At this point, you have BeautifulSoup installed. Installing other packages follows the same path. Using conda does require a little more expertise than using pip, but you also gain additional flexibility and garner more information. When everything goes well, either tool does an equally good job of getting the installation or update task done, but conda excels in helping you past troublesome installations. Let me know your thoughts about using conda to install the packages required by my books at John@JohnMuellerBooks.com.

 

Supporting Creative People

I work really hard to support my readers and so do many other authors. In fact, most creative people are in creative trades because they like to communicate with others using a variety of methods. The simplest goal is to provide something of intangible value to others—be it a painting, sculpture, dance, music, or writing. It’s well known that creative people are often underpaid (hence the cliché, starving artist). Because the starving artist (and most of them truly are starving) makes little money, it’s important that people do support them whenever possible. That’s why the piracy of Intellectual Property (IP) is such a problem. I’ve written about this topic before from a writing perspective (see Piracy and the Reader), but IP theft has become a serious enough problem that we’re beginning to lose many good creative people simply because they no longer have enough money coming in to make a living.

The problem is that many people would support the creative people whose IP they use, but they don’t really understand that they need to pay for this material. For example, there are many sites online now that offer my books free of charge. Just viewing the site doesn’t provide a clue that anyone is stealing anything. These sites have a clean appearance and simply offer IP in the form of downloadable music, books, and so on. In fact, many of these sites are fully searchable. The reasons that someone would do something like this varies, but it pays to employ some critical thinking when you see something free that possibly looks a bit too good to be true. Many people download viruses, spyware, and other sorts of malware along with their free download. In the long run, it’s actually less expensive to buy the IP, than to have a computer compromised by some of the crud that comes with these free downloads.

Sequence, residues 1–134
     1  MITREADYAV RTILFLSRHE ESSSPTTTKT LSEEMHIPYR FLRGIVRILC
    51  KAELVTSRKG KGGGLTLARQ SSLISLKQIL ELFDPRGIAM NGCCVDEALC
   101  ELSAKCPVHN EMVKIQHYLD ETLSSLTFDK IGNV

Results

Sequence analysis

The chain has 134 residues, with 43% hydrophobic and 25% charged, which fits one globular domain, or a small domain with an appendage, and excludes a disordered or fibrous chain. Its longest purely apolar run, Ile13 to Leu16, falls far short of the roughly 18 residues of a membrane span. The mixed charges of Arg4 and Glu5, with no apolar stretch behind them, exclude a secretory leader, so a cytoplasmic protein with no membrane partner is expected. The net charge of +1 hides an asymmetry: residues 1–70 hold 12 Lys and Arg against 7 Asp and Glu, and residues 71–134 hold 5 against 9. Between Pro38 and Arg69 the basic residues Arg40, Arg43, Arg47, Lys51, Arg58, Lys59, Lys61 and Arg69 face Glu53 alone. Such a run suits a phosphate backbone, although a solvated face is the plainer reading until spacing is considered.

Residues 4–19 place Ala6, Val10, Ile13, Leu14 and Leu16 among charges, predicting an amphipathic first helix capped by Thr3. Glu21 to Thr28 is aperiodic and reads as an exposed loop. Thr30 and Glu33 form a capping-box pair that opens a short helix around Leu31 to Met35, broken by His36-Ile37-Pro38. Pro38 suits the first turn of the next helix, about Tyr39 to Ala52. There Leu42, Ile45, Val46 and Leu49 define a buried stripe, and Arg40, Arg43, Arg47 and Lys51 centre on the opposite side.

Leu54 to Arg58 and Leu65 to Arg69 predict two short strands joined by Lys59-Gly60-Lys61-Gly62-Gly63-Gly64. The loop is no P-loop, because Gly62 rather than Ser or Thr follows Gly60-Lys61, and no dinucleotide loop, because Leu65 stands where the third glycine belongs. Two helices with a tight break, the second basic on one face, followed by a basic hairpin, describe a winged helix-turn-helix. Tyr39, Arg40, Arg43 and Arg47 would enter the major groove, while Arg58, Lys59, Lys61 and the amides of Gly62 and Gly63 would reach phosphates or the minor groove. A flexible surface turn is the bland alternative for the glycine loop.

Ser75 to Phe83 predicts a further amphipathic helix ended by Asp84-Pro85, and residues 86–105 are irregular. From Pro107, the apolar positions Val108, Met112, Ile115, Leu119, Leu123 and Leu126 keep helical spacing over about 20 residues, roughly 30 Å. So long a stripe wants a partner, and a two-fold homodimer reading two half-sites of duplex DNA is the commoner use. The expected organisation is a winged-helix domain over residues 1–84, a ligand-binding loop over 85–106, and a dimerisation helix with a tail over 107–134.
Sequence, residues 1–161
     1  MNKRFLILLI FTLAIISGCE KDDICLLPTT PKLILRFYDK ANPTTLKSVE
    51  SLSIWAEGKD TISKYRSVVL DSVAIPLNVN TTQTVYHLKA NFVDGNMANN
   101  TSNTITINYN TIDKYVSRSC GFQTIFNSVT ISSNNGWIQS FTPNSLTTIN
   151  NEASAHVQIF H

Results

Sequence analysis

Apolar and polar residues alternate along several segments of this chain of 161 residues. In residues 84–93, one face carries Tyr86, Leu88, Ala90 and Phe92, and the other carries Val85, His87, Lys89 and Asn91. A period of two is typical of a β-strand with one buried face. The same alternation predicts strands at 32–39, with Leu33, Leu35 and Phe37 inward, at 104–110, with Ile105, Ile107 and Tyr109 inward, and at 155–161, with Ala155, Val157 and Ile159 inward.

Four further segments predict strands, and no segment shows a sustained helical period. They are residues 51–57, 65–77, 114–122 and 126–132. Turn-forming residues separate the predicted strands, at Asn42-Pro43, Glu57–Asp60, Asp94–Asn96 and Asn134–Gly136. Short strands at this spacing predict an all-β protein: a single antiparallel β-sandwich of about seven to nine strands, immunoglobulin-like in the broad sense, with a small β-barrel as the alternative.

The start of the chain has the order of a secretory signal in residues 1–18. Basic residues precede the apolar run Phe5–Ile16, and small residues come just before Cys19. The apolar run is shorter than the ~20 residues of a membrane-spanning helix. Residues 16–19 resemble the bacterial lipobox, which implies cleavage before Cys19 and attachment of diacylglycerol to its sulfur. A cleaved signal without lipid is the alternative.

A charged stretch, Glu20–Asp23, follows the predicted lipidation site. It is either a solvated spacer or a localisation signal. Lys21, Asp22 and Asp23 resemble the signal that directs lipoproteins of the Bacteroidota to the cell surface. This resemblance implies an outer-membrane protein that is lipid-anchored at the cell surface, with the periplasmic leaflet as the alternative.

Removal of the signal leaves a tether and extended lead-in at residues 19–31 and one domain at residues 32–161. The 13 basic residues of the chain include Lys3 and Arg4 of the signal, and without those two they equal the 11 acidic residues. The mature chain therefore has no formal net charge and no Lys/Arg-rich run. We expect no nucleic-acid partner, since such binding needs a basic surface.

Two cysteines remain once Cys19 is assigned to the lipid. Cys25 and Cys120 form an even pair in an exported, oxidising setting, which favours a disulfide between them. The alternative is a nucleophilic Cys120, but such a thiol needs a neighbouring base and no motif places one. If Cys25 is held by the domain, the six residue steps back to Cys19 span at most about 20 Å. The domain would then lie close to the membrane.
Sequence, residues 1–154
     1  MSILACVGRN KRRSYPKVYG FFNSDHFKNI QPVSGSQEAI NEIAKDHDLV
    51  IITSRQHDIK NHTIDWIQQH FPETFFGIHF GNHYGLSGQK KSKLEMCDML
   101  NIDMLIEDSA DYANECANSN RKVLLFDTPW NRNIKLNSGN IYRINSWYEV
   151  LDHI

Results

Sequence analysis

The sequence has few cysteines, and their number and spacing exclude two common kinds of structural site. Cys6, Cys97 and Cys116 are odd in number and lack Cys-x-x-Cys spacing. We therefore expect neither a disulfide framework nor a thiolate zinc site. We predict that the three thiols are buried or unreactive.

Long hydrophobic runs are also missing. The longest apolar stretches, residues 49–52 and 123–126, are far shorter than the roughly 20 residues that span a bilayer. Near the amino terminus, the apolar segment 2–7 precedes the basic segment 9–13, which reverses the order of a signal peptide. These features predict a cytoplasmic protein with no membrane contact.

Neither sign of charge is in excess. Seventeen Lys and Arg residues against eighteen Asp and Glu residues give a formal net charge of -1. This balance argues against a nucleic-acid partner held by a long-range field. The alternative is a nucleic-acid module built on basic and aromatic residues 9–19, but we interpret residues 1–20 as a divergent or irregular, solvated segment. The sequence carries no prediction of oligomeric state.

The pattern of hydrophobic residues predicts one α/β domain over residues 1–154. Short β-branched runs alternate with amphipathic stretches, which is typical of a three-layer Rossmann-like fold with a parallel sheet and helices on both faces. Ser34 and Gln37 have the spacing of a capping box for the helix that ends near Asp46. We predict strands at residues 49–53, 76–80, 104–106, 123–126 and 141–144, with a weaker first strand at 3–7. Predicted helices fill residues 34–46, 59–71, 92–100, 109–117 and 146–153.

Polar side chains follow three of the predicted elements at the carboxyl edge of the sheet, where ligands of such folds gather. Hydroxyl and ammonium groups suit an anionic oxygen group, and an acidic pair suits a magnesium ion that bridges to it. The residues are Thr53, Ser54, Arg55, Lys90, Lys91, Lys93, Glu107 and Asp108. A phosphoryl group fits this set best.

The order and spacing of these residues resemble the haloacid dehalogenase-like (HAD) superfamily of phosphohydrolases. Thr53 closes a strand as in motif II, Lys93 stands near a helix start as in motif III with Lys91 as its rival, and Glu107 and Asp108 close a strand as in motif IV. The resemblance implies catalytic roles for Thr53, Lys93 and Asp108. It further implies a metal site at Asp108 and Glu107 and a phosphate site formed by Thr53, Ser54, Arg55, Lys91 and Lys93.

For the record, my books are never free. You need to pay for your copy of my book in order to support the various things of value that I provide to you as a reader, including this free blog. It isn’t my goal to become rich—if that were my goal, I’d be in some other line of work (believe me when I say authors aren’t paid particularly well), but I do need to make enough to pay my expenses, just as you do. Even though I know many people do download my books free, I still support everyone that I can with good advice on how to get the most from the books I write. To me, coming in each day and working with all of you is one of the benefits of being an author. I truly do want people to use my books to get ahead in life. If you’d like to discuss the effects of piracy on you as a consumer of IP, please write me at John@JohnMuellerBooks.com.